If there’s food involved in a holiday, that’s an opportunity to grill. On the Mexican Day of the Dead (Día de Muertos), festivities revolve around ofrendas, colorful altars that honor the departed and include a spread of favorite foods. Let’s talk just a bit about the origins of the holiday, then dig into some delicious recipes.
A little history
Día de Los Muertos began with Aztecs around 3,000 years ago. After the arrival of the Catholic Church in the Americas, Day of the Dead celebrations coincided with the feasts of All Souls Day and All Saints Day. Then as now, generations come together and visit cemeteries to clean headstones, place decorations, and picnic to the accompaniment of mariachi bands.
In today’s Day of the Dead celebrations, sugar skulls, keepsakes, candles, photos of the departed, flowers and food all adorn the ofrendas. The aromas of mole and tamales waft through the air and mingle with the returning spirits. Scent is a traditional element of the celebrations, including pine incense and fresh marigolds in addition to food. The idea that the invisible spirits are real and present is what inspires all these good fragrant elements of the observances.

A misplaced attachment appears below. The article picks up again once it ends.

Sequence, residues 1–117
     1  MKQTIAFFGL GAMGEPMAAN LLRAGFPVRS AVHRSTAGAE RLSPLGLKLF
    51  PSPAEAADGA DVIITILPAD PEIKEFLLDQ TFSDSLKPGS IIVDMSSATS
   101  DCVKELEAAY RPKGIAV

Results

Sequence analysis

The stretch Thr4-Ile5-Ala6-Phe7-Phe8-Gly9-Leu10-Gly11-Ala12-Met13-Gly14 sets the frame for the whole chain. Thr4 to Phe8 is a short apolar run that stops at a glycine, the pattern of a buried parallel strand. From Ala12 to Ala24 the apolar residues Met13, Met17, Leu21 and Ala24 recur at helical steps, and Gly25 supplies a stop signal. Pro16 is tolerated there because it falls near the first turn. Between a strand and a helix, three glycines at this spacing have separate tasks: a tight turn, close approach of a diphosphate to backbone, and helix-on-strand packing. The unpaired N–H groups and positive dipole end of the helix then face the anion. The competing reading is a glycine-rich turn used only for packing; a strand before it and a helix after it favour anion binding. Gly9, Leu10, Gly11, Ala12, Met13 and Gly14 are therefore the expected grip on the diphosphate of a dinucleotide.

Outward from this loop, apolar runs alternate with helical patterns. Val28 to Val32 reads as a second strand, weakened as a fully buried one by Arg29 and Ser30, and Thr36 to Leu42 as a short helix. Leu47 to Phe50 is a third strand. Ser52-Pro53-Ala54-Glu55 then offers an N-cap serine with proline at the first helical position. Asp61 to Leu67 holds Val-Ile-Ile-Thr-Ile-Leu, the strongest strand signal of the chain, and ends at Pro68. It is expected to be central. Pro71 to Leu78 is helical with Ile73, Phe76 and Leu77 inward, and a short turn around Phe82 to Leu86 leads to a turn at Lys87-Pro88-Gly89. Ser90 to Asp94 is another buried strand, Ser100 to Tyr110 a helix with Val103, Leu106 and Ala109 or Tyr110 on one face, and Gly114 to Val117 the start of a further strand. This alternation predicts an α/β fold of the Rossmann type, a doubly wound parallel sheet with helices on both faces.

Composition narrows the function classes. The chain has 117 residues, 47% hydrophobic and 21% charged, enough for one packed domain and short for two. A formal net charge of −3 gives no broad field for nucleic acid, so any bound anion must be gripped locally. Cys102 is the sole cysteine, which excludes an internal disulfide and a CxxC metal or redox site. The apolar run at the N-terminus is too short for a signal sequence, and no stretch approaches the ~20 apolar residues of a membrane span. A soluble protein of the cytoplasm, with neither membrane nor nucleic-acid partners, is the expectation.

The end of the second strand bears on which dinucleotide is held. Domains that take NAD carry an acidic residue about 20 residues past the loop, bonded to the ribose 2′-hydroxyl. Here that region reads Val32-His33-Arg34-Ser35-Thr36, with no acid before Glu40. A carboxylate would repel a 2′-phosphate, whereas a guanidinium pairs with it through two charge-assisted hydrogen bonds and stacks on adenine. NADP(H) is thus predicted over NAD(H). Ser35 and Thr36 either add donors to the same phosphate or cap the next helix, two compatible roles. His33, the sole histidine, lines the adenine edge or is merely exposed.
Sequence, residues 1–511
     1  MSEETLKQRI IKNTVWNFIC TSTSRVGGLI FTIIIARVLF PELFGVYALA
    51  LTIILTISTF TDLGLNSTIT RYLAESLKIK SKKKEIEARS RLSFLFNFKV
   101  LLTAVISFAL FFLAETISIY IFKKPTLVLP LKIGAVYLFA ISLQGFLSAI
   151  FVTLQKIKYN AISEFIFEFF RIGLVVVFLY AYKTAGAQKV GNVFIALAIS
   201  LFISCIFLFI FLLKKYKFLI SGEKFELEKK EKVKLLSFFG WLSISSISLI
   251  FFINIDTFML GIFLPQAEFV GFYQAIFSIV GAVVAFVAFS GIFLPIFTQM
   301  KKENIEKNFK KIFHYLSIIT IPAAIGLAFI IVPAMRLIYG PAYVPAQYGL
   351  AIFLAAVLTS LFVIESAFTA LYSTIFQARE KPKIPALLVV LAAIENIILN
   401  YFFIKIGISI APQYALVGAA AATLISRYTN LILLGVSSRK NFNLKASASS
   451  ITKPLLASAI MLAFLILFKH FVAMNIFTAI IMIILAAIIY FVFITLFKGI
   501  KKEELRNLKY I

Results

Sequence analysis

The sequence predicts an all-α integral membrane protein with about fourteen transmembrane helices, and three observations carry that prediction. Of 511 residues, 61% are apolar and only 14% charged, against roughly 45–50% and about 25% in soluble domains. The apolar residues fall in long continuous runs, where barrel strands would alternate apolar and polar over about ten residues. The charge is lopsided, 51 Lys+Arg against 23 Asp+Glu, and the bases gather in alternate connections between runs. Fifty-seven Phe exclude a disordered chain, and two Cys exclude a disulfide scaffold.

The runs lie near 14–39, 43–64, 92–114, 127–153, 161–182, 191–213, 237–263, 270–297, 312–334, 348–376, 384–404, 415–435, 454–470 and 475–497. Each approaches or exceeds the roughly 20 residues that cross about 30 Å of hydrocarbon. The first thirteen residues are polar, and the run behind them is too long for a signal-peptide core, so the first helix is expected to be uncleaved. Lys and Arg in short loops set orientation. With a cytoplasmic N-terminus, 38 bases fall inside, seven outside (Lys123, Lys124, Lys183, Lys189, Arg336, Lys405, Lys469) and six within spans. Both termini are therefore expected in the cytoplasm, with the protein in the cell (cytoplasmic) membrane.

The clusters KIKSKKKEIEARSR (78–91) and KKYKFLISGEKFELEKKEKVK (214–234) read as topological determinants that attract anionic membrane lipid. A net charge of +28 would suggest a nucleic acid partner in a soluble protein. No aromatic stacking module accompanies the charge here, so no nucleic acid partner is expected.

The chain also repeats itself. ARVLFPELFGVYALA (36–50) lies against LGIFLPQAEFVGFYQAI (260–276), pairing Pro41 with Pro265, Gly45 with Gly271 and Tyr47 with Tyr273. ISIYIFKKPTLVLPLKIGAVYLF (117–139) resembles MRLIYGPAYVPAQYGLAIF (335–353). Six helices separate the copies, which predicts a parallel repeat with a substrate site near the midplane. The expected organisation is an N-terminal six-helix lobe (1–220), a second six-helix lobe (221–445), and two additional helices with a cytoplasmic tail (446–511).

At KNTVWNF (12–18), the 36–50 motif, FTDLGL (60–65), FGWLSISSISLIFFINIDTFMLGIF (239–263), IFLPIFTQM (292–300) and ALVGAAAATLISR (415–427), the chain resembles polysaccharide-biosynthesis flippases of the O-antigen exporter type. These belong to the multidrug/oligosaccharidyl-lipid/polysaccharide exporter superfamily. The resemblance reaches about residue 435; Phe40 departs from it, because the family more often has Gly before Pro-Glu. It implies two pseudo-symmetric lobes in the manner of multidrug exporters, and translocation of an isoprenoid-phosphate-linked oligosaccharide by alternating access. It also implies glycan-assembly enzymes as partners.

Inviting the spirits to dinner
The return of your ancestors from the afterlife qualifies as a special occasion, so somewhat fancy foods seem appropriate. Mole is a holiday favorite in Mexican cuisine; this mole sauce recipe would do justice to your Day of the Dead grilled meats. Tamales are another dish for celebrations; the meat in this red chile and pork tamale filling recipe could easily be prepared on your pellet grill rather than the braising method described here. Then you’d have that extra layer of smoky flavor–and smoke, like the spirits who come back to visit, is wondrous and just a bit mysterious.
Enjoy your festivities and remembrances.
Want more chile pepper flavors? Read about readymade and home-brewed chipotle sauces in the Griller’s Gold burger trends blog post.
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